Moles live underground and seldom venture out of their burrows. They are most active in the early morning and late evening hours. The ridges of earth pushed up by burrowing plainly indicate their presence in a lawn. The number of tunnels is no indication of the number of moles present. One mole may construct a maze of hap-hazard, criss-crossing runways. Certain runways are used frequently, but most of the tunneling is made in a random search for food. Some runways are seldom used again.
Moles feed almost exclusively on insects, earthworms, grubs and other insect larvae. Damage to bulbs, flowers and vegetables while often blamed on moles usually is caused by mice using mole runways. Bulbs and plant roots can dry out when lifted out of the ground by an energetic mole.
Since moles eat earthworms, insects and other arthropods one theory is to use insecticides to eliminate their food supply and force them to move elsewhere. This rarely works because insecticides do not eliminate all of the mole’s food. The mole may dig that much more looking for earthworms and other food.
Poison peanuts are sold for mole control – but moles do not eat peanuts so this too is usually unsuccessful.
Trapping is difficult but it may be successful if care is taken. First it is necessary to determine a suitable runway in which to place the trap. As stated earlier many of the visible mole runways are made during the search for food and may never be used again. Therefore, it is necessary to locate runways that are used regularly.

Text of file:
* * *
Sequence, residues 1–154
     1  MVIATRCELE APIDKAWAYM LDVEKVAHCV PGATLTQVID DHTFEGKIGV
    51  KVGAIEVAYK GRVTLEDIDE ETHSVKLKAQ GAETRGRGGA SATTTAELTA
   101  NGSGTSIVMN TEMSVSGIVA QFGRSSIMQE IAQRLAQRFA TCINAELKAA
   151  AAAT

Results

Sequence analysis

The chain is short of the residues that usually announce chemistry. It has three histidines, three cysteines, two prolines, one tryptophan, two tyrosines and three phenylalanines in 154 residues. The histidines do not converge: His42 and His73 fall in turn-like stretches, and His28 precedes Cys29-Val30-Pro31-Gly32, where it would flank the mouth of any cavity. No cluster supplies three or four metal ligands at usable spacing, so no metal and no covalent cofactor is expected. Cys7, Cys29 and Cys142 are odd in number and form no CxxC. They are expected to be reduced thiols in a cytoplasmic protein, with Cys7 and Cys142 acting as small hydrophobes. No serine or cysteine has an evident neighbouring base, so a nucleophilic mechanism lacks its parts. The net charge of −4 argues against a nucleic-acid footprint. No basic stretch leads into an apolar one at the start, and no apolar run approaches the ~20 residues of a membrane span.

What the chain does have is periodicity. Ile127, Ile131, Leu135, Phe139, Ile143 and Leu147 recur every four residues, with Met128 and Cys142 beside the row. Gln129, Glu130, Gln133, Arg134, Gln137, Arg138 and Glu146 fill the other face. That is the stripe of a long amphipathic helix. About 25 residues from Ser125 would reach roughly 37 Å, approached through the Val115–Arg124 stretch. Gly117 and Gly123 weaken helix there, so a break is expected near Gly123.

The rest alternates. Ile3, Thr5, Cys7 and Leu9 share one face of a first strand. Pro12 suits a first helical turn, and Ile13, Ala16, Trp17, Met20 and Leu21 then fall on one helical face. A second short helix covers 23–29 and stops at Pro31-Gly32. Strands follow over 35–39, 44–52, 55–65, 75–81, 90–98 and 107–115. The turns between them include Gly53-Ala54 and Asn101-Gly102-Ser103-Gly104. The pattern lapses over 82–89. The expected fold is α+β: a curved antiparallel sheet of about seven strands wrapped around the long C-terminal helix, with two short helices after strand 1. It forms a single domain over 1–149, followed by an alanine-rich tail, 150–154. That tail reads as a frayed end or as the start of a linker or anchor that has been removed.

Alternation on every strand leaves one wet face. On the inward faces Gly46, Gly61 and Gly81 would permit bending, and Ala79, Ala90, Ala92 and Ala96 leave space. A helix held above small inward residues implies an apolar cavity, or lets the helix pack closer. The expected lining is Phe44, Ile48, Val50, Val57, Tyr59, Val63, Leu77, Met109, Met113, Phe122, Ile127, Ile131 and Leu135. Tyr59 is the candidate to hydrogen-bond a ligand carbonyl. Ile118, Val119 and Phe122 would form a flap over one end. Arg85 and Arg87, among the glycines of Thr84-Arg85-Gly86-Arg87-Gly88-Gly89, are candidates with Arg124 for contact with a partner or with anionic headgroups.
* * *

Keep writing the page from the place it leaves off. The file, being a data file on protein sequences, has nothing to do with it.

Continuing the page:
An easy way to locate such places is to flatten many sections of the runways. Do this by stepping on them. Mark the flattened places with stones or other small items. Repeat this procedure for a few days to discover runways where the moles go regularly. These places will be raised each day. Place the trap in these runways according to directions. Be sure to place the trap in such a way so as to prevent a child or animal from becoming accidently hurt.
Some laissez faire gardeners say that the only thing you should do is to mash down the active tunnels completely and force the mole to move to more hospitable yards. That is certainly a viable option and perhaps a good source of income for an impecunious sixteen-year old with size twelve shoes. It is difficult to live trap a mole but you can try burying an open-mouthed three-pound coffee can in the path of a tunnel and hope a mole falls in.
Plenty of folk remedies have been proposed for mole control. The following do not, repeat DO NOT, work:
•Insecticide treatments to the lawn
Products containing castor oil have recently been touted to repel moles but little research supports their effectiveness. Castor bean plant is extolled to repel moles but no known research supports this either.
For an excellent guide to mole control, the Missouri Extension Service has a publication available at their Web site: